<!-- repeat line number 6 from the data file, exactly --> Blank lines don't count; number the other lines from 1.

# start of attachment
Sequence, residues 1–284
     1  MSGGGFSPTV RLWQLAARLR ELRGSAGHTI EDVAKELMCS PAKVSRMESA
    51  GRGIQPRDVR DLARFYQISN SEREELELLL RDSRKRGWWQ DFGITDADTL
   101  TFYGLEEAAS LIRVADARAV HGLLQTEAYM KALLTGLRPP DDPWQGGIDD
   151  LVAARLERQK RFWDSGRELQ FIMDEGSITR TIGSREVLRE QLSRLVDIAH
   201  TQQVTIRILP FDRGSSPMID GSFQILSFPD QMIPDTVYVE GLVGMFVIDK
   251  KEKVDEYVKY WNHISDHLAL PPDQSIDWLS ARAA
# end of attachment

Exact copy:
   201  TQQVTIRILP FDRGSSPMID GSFQILSFPD QMIPDTVYVE GLVGMFVIDK